Viewing the high amount of diversity in a single classroom, I now understand why it is crucial to consider students' backgrounds when creating lessons and planning instruction. If diversity is not considered when creating lessons, it may be incredibly difficult for students to relate to the content. To adjust to diversity in my classroom, I will do my best to include readings from authors that have a variety of backgrounds, not just the ones from the traditional background. I will also have to do some research on the makeup of my community in order to better understand where my students are coming from. Finally, I will get involved in the community outside of the school, so I can get a better overall view of my students' lives outside of the school building.

It surprised me that none of the students really seemed to have come from the same local area outside of the Detention Center. I guess I though McLean County was smaller than it actually was. I thought that some of the students would have known each other already. The only connection they had was being in the Detention Center, though.

This component was not wholly addressed in the classroom because the students were not allowed to speak about where they came from or why they were in the Detention Center because of confidentiality. Interestingly enough, it was addressed similarly to how it was addressed in my high school in that it was acknowledged but not really discussed. Students were aware of differences of backgrounds, but the focus on diversity stopped there. This is not entirely beneficial when it comes to discussing diversity because it does nothing to build understanding and respect among those who have different experiences.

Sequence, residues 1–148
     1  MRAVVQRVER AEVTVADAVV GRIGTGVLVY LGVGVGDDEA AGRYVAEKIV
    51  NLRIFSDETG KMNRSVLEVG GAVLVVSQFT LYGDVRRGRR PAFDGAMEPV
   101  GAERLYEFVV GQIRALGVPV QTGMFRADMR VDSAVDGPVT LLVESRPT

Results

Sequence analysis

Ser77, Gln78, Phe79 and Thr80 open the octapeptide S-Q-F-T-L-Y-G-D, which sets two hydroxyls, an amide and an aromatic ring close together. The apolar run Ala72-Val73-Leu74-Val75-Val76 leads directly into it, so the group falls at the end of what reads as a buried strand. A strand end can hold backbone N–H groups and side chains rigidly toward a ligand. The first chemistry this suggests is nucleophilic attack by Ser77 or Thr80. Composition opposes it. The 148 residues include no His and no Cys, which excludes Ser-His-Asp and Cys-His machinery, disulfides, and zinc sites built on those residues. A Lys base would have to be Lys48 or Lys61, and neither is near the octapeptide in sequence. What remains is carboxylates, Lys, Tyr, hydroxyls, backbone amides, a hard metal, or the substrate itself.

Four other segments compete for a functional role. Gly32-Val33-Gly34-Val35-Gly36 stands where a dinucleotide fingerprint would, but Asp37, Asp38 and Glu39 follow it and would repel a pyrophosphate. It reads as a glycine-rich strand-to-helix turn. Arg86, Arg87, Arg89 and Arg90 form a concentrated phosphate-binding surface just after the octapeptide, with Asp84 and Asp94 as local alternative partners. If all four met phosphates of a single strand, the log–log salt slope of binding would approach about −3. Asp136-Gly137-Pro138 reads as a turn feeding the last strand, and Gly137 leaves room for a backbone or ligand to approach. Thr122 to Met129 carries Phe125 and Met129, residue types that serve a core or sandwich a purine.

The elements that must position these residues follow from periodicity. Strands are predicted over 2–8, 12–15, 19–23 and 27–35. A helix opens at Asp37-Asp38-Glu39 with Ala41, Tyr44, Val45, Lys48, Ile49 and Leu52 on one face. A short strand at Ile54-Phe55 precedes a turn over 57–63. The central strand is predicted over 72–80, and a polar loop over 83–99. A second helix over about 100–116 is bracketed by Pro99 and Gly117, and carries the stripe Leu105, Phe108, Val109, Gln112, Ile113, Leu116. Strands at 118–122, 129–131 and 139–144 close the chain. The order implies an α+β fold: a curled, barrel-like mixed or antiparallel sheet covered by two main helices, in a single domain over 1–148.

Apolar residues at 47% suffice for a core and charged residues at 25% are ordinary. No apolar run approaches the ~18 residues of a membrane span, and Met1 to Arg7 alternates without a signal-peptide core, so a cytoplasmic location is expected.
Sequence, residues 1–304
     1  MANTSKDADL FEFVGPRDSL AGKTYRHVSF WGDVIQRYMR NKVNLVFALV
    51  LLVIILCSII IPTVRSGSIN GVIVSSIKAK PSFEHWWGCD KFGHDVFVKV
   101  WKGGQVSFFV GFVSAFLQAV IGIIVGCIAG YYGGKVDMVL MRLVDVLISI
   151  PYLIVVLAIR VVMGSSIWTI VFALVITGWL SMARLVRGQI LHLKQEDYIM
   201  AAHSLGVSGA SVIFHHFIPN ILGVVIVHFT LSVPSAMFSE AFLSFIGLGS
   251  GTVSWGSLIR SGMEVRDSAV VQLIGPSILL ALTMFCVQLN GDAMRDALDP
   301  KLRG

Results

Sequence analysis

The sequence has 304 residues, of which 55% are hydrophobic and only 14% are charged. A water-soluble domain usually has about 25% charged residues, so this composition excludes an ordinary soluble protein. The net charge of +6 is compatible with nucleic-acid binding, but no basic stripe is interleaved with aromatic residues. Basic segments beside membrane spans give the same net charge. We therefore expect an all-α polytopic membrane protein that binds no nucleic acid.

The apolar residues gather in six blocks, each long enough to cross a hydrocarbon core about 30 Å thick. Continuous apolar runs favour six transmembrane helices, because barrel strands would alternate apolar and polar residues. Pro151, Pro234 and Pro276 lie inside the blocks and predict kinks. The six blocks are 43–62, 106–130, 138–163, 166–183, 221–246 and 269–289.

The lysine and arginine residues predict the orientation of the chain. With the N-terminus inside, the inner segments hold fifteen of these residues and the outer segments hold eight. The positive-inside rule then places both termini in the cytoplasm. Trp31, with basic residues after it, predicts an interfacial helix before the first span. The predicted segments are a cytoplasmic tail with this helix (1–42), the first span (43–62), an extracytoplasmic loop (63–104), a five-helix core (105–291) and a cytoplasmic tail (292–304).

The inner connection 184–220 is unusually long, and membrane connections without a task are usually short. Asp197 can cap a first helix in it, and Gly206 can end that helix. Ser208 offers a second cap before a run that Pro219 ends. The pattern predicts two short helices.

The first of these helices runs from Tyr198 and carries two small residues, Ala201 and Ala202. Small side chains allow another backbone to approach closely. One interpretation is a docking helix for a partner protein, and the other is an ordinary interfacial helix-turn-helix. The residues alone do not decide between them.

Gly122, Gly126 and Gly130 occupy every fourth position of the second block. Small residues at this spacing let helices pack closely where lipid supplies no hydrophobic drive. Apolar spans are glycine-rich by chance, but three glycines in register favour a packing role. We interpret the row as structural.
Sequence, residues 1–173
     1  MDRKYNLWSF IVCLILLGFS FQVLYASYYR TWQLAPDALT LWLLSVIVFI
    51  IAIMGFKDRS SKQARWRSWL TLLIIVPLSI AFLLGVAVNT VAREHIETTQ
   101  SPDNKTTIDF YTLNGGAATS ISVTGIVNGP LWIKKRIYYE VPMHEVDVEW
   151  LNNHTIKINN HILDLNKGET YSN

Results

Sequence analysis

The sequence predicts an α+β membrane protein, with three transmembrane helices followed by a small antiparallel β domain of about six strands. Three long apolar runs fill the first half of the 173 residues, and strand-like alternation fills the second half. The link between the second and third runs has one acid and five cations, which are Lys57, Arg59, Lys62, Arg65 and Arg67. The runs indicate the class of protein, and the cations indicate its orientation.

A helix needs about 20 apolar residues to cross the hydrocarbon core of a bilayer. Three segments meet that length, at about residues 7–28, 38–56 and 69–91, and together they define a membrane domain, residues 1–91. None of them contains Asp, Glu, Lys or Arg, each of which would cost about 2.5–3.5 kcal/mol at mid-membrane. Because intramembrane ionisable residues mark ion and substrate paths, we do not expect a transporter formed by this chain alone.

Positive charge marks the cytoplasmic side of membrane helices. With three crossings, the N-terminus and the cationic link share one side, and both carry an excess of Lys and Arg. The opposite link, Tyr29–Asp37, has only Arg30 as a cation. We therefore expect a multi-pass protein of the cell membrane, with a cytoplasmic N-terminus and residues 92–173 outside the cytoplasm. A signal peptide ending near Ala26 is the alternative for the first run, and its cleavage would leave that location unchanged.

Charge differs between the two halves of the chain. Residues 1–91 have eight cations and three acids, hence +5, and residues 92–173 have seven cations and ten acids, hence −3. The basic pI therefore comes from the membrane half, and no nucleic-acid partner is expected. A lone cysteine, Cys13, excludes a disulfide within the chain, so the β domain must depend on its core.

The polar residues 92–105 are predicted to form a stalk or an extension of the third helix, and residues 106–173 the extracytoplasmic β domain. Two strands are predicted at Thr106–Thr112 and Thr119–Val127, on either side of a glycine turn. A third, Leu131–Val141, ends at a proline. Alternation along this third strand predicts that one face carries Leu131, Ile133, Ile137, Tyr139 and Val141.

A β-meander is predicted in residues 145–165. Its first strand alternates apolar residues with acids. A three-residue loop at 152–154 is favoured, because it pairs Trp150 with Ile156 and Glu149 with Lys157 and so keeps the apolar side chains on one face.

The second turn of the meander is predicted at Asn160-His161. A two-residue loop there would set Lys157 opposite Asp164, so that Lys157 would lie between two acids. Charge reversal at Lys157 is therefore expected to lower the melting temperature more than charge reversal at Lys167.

To address my observations in my own classroom, I will invite my students to apply class readings to their own backgrounds and speak openly about how their own experiences affect their understandings of our lessons. Differences will not only be acknowledged but analyzed to see how they change the way we see the world. This way, the students will begin to respect themselves and others as individuals, which was ultimately lacking in the Detention Center. They will begin to gain confidence that their thoughts and backgrounds matter and should be celebrated rather than covered. Students will be able to express their views in the writing prompts in my classroom, which helps them find their voice and develop it so that it stands alone from their classmates.


Created with images by Victor Björklund - "Classroom" • kris.layon - "Whiteboard" • jarmoluk - "apple education school" • Hans - "glasses read learn" • Pexels - "advertisement advertising background" • karamel - "nuts blue turquoise"